A few weeks ago, we did a study trying to understand and measure the influence of those going to the Wine Blogger Conference. Mindful as we are of conversation and fully cognizant of the fact that as soon as you include some people in a list, you by definition, exclude some, we not only set up criteria for measuring influence but also asked for feedback. In the course of this study (crunching, crunching) we had to make some decisions. If you are an online journal or aggregator for example, we decided that you were not playing in the same league/space as regular, independent (and sometimes solo) bloggers. Your influence is a sum of many factors and contributors, we look at a specific angle. 2 very interesting points were made in the comments regarding this distinction in the blogging community, and after mulling on it, we thought we’d like to continue the debate.
1 – Does influence have a threshold?
Bean from Wine-Beer Washington pointed out to us that he should have been included on this list, even though we had excluded him based on the number of writers on his blog (he looked like a journal). After feedback and looking at our threshold, we now feel that Bean should have been part of the list from the start (crunching, crunching). The wine-beer blog in our method of ranking for the #wbc10 would rank 21st out of the top 25 of our list. So here’s a question for everyone in the industry: Do you think there is a consolidation of bloggers toward journals or magazines? How viable is the independent blogger model? When does a blog become a journal? Thoughts?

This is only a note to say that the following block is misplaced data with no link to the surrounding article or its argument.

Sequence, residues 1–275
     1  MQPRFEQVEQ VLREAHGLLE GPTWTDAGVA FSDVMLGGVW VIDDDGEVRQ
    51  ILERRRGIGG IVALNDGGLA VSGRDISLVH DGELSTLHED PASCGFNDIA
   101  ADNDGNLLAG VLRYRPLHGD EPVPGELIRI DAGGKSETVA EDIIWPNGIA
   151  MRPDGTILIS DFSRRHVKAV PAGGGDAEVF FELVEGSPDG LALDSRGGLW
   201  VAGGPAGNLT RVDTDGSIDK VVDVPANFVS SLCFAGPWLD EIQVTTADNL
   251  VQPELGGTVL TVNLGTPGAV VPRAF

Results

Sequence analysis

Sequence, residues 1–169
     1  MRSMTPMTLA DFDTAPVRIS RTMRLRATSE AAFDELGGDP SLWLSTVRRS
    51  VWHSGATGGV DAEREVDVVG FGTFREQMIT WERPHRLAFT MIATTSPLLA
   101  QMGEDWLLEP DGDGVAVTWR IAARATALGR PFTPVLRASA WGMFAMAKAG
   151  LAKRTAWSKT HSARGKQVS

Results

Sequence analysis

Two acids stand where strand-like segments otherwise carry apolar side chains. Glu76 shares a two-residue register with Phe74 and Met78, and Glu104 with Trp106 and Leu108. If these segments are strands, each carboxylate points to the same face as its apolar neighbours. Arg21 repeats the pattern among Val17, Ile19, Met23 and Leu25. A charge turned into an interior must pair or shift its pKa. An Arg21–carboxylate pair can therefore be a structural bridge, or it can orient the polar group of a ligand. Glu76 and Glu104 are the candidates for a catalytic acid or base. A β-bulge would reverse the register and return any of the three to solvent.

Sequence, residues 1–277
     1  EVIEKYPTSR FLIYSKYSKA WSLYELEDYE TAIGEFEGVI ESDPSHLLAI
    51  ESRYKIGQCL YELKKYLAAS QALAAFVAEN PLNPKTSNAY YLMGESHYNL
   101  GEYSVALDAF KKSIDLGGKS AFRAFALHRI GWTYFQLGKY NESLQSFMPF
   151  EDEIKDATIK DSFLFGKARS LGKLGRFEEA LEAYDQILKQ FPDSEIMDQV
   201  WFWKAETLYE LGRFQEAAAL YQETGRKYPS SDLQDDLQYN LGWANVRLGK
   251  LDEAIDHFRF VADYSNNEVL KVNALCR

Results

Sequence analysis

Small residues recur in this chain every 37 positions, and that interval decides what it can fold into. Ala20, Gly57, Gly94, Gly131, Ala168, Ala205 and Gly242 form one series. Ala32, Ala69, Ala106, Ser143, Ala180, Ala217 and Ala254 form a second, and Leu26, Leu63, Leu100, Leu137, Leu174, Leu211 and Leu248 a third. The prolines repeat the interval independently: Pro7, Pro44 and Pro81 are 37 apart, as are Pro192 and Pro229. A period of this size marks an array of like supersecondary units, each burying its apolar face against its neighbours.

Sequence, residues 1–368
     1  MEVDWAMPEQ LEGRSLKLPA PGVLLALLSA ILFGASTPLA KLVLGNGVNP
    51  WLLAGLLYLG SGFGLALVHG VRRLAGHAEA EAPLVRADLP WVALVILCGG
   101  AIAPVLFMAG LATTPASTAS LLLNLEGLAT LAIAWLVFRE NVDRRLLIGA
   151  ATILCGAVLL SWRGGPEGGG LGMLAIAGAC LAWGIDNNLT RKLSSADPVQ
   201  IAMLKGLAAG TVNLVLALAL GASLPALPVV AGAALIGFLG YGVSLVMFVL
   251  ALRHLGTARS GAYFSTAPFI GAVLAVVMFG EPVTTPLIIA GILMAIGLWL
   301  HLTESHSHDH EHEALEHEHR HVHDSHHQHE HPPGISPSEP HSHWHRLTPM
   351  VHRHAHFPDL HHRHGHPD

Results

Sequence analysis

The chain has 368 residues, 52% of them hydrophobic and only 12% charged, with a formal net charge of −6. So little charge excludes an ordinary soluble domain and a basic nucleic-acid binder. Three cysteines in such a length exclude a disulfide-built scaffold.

2- The personal blog vs. the company/organizational blog.
Relatedly, something very interesting is happening in the use of personal branding to support a corporate or business strategy (c.f. Jeremiah Oywang and Forrester). When creating this study we used the official list of the registrants provided by WBC10. Rick Bakas’ blog appears under the St Supery blog. The blog didn’t make it to our list of Top 25 since he had registered his business blog and thanks to Rick’s feedback, we considered his own personal blog (even though not registered on the official list) as part of our list. Rick also advocated his own personal blog as being more influential than the list had suggested. After re-compiling our data (crunching, crunching), we are happy to report that Rick’s personal blog ranks actually 20th of the list originally created. So, another question for everyone: how do you manage your personal brand vs the business your represent?
These kinds of conversations really allow us to reflect on the state of a blogging community – how it grows, who grows it, its lifecycle if you will. Another point made in the comments on the original post was that many wine bloggers were not discussing the actual process of making wine and the industry’s evolution in this area (or not). So a final question for the community: Can anyone recommend any wine bloggers who focus on this part of the beloved grape’s journey?
We look forward to hearing from you!